In a first, govt to run safety checks on 5,000 big dams

BENGALURU: For the first time, the Centre is planning to conduct a 'break analysis' of 5,247 large dams across the country, and put in place an emergency action plan, especially for the 196 that are over 100 years old. Of these 196 dams, 72 are in the southern states and Maharashtra.
Break analysis is the examination of dams to identify potential failures that may result in an uncontrolled release of water. It involves the characterisation of threats to public safety that a dam poses. The government has already drafted a 'dam safety bill', currently being reworked by the Niti Aayog.
There are two safety issues: the risk of breach and floods, and the decreasing ability to hold as much water as the original capacity (which means less live storage and per capita availability of water). These concerns make maintenance more critical for dams, though not all are in a dilapidated condition or in need of immediate repair.
In October 1987, the Centre had constituted the National Committee on Dam Safety (NCDS), which was tasked with overseeing dam safety and suggesting improvements. The committee, headed by the Central Water Commission chairman, met 37 times and has been instrumental in the maintenance of dams.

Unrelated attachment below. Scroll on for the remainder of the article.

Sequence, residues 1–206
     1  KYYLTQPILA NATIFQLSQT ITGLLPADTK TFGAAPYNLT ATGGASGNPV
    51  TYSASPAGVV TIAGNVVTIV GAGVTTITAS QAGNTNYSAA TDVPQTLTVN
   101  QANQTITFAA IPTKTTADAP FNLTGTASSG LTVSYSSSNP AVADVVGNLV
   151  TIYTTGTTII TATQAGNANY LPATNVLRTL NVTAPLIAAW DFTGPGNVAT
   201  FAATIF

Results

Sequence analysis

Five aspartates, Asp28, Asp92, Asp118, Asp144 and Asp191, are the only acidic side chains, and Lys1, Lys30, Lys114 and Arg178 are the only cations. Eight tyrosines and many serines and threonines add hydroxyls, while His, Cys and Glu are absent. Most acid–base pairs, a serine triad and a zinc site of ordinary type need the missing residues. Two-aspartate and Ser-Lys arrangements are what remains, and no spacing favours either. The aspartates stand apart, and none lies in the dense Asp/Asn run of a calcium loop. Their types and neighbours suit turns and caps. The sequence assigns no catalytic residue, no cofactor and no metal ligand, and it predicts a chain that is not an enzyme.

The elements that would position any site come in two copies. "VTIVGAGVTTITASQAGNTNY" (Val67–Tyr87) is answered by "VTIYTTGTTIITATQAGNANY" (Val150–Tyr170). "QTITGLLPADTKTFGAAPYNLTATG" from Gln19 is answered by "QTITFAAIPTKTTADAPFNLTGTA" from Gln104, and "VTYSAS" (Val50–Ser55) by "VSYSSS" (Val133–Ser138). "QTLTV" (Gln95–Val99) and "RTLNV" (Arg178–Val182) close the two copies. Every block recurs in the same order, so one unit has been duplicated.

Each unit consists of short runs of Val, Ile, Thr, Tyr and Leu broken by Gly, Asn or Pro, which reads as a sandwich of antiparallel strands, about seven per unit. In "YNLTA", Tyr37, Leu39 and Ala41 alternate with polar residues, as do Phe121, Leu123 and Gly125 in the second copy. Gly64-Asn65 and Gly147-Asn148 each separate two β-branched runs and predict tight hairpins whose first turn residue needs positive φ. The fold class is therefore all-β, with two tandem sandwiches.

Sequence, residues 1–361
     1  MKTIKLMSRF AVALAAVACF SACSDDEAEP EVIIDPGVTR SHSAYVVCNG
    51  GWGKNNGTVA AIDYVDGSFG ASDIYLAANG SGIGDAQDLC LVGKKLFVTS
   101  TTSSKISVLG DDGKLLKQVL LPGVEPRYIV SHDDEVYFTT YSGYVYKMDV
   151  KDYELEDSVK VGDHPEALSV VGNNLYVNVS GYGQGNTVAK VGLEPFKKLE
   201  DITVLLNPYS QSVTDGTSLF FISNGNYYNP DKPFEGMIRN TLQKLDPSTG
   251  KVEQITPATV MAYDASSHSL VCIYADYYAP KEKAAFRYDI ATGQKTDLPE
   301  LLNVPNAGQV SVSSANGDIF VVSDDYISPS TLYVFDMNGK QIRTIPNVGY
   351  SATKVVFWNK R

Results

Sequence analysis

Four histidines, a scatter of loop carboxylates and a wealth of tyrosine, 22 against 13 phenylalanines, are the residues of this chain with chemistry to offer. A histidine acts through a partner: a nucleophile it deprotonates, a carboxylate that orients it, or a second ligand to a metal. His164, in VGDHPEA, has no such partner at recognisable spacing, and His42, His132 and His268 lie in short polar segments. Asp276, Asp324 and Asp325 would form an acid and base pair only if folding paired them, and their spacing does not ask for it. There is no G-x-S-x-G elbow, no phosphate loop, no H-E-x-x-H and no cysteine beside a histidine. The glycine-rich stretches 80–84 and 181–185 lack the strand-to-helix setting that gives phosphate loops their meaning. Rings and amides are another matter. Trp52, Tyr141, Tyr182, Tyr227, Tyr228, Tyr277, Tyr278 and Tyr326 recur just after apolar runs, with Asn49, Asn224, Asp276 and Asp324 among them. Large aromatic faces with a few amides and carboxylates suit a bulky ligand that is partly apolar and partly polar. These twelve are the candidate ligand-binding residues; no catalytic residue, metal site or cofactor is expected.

Dam expert Captain S Raja Rao, who was secretary of the Karnataka water resources department, said: "The safety aspect, especially with dams in flood-prone areas, is critical. Take the Alamatti dam (in Karnataka), and you'll see its size was increased based on advice from the World Bank, but it has several drawbacks."
However, he pointed out that successive governments had been spending a lot of time and money on dam upkeep. "There is a continuous effort to improve the inspection galleries in dams (which are key indicators of a dam's health) and a project called DRIP (Dam Rehabilitation and Improvement Programme) is under way," Rao said.
DRIP, which was started under the UPA government in April 2012 and has been working with five state governments (Karnataka, Tamil Nadu, Kerala, Madhya Pradesh and Odisha) and two agencies (Damodar Valley Corporation in Jharkhand and Uttarakhand Jal Vidyut Nigam Ltd), was conceived with an estimated budget of Rs 2,100 crore.
Source-The Times Of India

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